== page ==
Alongside selectively reduced activation of LTS interneurons in Fmr1 KO mice, we observed reduced DHPG-induced synchronization of synaptic inhibition in layer II/III pyramidal neurons. Whereas impaired firing of individual cells primarily implies cell-intrinsic defects, reduced inhibitory synchrony suggests the possibility of a larger LTS network defect. LTS interneurons are tightly coupled by gap junctions, electrical connections that enable synchronous firing of interneuron networks (Deans et al. 2001) and, thus, synchronization of inhibition onto multiple postsynaptic target neurons and generation of coordinated neuronal oscillations. Network synchronization is crucial for normal cognitive function, and disrupted synchrony is proposed to underlie cognitive dysfunction in ASD (Perez Velazquez et al. 2009; Uhlhaas and Singer 2006). In this study, we observed a failure of LTS interneuron activation and synchronization of pyramidal cell output in Fmr1 KO mice, suggesting that defective generation of important cortical rhythms may contribute to impaired cortical function in FXS. In agreement with a previous report (Fanselow et al. 2008), our results indicate that layer II/III LTS interneurons fire in the theta frequency range in response to DHPG application and thus might contribute to the generation of this rhythm in vivo. This rhythm is reported to be important for learning and memory in rodents, nonhuman primates, and humans (Kahana et al. 2001; Lee et al. 2005; Nyhus and Curran 2010; Raghavachari et al. 2006; Sederberg et al. 2003).
A clear link between LTS interneuron output and synchronization of excitatory neuron output in response to mGluR signaling was established in studies in layer IV of the somatosensory cortex by Long et al. (2005). Importantly, AP synchronization in excitatory neurons in the presence of ACPD was established to have a developmental onset coinciding with the maturation of a number of LTS neuron properties, including increased strength of LTS-to-RS synapses, increased LTS neuron firing frequency in response to ACPD, increased correlation between ACPD-induced rhythmic subthreshold voltage fluctuations in LTS cells and IPSPs in excitatory neurons, and, finally, axonal and dendritic maturation of LTS neurons. Thus LTS neuron function is required to generate group I mGluR-dependent AP synchronization in excitatory neurons, and the reduction in AP synchronization in response to group I mGluR signaling in Fmr1 KO mice reported in the current study is very likely to result from reduced LTS interneuron output.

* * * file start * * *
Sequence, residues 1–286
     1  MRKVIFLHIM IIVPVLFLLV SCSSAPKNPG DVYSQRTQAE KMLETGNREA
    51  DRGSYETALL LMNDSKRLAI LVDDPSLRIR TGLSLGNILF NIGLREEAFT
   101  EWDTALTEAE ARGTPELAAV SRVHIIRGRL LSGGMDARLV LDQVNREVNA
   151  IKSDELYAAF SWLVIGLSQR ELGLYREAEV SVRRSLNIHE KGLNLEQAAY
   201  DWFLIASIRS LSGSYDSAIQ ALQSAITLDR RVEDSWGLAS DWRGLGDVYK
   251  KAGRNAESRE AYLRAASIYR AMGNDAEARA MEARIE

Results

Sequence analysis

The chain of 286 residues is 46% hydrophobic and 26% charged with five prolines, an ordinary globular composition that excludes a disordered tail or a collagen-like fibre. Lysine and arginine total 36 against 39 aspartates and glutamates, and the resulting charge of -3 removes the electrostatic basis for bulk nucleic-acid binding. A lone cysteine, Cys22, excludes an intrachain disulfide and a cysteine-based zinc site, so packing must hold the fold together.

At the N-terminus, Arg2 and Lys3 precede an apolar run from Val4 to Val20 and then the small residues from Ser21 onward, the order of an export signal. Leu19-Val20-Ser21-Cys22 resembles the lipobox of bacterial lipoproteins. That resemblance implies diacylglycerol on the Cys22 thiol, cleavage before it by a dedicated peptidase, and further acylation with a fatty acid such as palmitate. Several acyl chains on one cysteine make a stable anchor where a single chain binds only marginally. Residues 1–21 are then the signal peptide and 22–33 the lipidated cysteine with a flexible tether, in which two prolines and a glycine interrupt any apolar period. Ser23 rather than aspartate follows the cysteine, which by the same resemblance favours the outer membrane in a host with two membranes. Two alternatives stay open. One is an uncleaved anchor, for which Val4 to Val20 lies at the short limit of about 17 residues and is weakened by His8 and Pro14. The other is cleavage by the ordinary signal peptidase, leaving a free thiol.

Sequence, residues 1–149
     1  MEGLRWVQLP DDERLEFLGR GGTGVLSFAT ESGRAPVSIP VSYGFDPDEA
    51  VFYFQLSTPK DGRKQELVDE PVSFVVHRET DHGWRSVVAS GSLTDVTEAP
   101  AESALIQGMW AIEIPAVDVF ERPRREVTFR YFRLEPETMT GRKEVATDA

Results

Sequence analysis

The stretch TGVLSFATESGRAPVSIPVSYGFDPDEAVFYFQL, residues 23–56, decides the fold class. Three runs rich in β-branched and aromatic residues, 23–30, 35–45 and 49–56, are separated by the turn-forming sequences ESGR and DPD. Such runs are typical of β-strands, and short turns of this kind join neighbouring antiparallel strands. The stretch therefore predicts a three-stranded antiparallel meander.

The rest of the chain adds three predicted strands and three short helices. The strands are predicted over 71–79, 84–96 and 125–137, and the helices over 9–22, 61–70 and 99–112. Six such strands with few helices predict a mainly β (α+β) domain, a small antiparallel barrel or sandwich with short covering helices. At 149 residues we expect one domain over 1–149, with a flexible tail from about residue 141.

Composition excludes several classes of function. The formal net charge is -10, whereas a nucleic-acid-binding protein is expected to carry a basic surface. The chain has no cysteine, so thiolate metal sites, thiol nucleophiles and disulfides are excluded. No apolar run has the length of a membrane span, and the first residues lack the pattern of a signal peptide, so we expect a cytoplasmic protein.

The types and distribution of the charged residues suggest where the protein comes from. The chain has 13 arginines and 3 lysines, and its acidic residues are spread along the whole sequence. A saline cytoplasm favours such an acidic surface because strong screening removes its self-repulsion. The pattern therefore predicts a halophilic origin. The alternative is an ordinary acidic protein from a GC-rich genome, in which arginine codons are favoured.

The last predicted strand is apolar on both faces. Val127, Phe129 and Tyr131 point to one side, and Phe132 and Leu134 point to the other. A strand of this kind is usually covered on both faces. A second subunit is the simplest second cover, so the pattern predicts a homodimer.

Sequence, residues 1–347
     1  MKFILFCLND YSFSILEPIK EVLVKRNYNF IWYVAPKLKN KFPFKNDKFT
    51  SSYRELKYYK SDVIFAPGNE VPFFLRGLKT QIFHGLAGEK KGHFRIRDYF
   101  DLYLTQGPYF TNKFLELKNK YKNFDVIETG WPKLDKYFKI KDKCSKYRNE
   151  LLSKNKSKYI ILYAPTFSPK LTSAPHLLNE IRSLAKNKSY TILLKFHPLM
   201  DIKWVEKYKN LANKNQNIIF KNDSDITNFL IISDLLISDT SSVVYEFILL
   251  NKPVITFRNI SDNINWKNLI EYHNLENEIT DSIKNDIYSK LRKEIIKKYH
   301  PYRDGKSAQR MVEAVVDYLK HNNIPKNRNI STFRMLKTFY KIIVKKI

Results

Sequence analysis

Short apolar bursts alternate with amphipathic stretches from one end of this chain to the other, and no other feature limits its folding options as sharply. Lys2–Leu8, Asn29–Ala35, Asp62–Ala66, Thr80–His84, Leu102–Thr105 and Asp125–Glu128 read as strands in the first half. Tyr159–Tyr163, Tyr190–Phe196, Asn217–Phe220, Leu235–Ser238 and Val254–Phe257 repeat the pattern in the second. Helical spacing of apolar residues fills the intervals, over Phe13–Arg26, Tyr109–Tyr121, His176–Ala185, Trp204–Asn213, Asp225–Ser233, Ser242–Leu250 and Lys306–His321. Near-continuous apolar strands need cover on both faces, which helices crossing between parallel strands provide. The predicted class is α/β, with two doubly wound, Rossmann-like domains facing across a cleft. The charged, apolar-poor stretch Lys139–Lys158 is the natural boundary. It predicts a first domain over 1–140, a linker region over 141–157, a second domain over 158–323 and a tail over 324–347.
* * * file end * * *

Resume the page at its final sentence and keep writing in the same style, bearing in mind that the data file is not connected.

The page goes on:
Beyond their requirement for normal cognitive function, synchronized neuronal oscillations are important contributors to cortical circuit maturation (Uhlhaas et al. 2010). The timeline for the development of inhibitory deficits in FXS is largely unclear, but it is intriguing to consider not only how disruptions in inhibitory circuit development might affect neural synchrony in the developing circuit but also how abnormal synchrony early in development might contribute to inhibitory abnormalities observed later in life.
How does reduced mGluR activation of LTS interneurons relate to the “mGluR hypothesis” in FXS?